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    ABSTRACT: Restricted repetitive and stereotyped patterns of behavior, interests, and activities (RRB) are mandatory features for a diagnosis of Autism Spectrum Disorder (ASD) according to the Diagnostic and Statistical Manual of mental disorders-fifth edition (DSM-5). Despite the strong diagnostic role of RRB, their expressiveness and their relationship with other clinical/demographic features in ASD is not fully elucidated. The Italian version of the Repetitive Behavior Scale-Revised (RBS-R) was applied to a relatively large sample of preschool-aged children with ASD who underwent a comprehensive clinical assessment. The relationship between RRB and sex, age, non-verbal IQ, autism severity, as well as the diagnostic accuracy of the RBS-R were explored. Stereotyped and Ritualistic/Sameness behaviors were the most common RRB in preschoolers with ASD, without widespread differences between males and females. No significant correlations between RRB and chronological age, or non-verbal IQ were detected. The expressiveness of ritualistic/sameness behaviors positively correlated with autism severity, assessed through the Calibrated Severity Score (CSS) derived from the Autism Diagnostic Observation Schedule (ADOS). Receiver Operator Characteristic (ROC) analysis showed high diagnostic accuracy using the Global Rating Score, which represents the judgment of the parents of as the RRB affect the child's life. However, while the Global Rating Score performed well, the remaining subscales did not. This investigation extends the limited research on early pattern and associated features of RRB in young children with ASD. The use of the RBS-R may increase the knowledge of the RRB complexity and variability and in turn improve the diagnostic and therapeutic procedures within the autistic spectrum.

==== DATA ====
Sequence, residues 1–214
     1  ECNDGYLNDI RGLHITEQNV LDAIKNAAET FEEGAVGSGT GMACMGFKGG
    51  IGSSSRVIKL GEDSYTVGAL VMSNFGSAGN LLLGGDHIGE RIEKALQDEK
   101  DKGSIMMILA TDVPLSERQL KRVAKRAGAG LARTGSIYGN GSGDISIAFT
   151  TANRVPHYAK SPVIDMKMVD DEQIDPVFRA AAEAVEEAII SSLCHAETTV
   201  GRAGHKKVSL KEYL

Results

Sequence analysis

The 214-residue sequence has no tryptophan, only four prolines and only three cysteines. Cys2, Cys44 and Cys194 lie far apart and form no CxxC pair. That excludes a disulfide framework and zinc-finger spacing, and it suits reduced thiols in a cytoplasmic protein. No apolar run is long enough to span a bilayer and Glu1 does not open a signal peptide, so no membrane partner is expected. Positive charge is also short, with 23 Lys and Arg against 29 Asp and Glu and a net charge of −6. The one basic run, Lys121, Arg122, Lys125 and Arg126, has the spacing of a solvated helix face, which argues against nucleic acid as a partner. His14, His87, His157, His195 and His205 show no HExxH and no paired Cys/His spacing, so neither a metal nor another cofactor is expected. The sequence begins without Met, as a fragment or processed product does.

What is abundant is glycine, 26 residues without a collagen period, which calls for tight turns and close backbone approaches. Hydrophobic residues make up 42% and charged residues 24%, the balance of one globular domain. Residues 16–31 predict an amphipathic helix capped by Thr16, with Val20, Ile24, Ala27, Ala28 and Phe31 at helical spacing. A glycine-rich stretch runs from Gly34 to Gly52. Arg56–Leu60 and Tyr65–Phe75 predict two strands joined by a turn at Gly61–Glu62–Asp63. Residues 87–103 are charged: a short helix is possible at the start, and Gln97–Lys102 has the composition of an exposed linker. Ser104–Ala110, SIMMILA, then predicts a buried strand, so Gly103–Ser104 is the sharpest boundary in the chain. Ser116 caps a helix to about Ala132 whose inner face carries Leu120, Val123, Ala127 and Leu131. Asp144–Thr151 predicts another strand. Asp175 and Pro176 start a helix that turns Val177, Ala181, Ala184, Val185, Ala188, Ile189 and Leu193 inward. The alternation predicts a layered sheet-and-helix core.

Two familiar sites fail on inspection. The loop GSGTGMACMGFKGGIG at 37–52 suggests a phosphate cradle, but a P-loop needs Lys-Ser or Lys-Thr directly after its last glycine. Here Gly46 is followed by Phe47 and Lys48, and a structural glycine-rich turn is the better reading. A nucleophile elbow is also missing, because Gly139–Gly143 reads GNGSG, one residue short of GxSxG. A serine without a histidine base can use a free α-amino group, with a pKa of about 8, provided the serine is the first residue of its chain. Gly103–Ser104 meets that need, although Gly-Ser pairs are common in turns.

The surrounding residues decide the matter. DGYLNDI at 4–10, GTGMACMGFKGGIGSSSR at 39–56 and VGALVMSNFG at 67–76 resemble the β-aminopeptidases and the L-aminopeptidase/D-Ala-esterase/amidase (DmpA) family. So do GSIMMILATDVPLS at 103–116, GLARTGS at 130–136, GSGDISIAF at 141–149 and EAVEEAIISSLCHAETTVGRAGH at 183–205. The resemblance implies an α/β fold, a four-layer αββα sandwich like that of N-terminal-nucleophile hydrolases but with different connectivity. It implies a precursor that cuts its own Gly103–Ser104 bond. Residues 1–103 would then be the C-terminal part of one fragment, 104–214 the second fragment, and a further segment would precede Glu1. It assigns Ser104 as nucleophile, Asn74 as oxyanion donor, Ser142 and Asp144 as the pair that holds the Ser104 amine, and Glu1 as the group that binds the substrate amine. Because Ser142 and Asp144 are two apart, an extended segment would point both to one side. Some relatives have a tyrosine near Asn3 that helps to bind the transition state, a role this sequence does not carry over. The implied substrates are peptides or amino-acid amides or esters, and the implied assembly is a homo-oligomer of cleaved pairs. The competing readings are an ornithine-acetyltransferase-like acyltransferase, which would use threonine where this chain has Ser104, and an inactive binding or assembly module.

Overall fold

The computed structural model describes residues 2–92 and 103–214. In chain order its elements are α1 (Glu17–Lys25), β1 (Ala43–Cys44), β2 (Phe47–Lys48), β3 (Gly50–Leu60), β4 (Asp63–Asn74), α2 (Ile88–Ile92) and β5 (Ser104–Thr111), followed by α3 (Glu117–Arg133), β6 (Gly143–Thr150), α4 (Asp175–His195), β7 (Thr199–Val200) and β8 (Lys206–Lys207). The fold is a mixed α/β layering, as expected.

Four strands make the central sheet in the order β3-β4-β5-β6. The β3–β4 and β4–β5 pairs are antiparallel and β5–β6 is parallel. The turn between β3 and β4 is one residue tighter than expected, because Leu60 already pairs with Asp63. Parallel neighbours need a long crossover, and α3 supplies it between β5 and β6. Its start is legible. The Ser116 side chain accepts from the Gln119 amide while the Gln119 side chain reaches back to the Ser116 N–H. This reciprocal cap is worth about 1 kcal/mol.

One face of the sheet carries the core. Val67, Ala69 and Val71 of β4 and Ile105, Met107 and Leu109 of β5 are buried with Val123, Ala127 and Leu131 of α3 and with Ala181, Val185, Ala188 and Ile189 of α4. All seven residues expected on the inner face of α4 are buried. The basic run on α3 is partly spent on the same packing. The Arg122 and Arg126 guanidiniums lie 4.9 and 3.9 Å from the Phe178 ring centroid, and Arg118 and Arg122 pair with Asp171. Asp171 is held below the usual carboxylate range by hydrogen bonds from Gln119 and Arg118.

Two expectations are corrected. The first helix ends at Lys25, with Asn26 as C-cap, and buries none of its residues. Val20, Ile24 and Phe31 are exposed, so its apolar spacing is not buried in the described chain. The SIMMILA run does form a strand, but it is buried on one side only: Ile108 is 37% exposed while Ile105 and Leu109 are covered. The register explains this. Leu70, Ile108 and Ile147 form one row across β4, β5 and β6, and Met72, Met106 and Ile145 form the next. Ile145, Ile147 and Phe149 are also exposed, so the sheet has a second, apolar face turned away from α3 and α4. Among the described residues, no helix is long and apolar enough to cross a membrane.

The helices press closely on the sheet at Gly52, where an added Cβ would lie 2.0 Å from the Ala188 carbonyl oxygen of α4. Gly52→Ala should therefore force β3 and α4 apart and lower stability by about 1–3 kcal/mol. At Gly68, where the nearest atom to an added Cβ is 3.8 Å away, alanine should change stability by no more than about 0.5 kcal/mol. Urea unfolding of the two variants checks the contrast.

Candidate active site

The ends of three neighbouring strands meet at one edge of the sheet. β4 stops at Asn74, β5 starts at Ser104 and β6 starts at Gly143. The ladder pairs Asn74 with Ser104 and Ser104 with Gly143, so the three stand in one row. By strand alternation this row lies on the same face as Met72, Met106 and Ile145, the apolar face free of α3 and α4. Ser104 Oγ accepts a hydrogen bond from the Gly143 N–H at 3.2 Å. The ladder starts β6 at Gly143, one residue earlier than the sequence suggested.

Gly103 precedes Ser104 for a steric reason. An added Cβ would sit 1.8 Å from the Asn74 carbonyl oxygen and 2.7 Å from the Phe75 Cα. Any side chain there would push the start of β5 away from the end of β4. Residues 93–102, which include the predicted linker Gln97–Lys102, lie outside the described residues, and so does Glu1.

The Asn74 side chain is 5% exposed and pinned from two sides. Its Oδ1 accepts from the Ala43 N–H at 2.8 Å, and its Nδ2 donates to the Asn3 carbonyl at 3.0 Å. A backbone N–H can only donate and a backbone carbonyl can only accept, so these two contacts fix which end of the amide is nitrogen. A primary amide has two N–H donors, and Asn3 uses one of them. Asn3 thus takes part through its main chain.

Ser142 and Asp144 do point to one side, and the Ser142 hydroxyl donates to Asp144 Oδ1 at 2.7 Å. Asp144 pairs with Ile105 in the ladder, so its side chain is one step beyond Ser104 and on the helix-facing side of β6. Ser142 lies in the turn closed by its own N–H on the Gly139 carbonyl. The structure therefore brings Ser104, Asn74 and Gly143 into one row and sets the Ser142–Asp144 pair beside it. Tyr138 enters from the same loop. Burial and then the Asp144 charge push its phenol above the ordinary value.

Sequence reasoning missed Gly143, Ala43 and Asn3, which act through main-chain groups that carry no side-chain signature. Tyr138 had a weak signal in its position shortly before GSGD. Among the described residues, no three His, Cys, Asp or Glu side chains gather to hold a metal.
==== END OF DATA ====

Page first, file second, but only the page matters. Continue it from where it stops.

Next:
Research in Developmental Disabilities 01/2016; 48:43-52. DOI:10.1016/j.ridd.2015.10.015 · 3.40 Impact Factor
    • "Odd interests include interests that are not age appropriate or would not interest most individuals, and this could include a fascination with trains and train schedules, toilet bowls, memorizing phone numbers or zip codes, and facts about Presidents/World Leaders. Self-injurious behaviors include repetitive movements that can cause significant redness, bruising, or other injury to the brain (Bodfish et al., 2000; Lam & Aman, 2007). Examples of self-injurious behaviors include behaviors like head banging, hitting themselves, hair pulling, skin picking, and biting oneself. "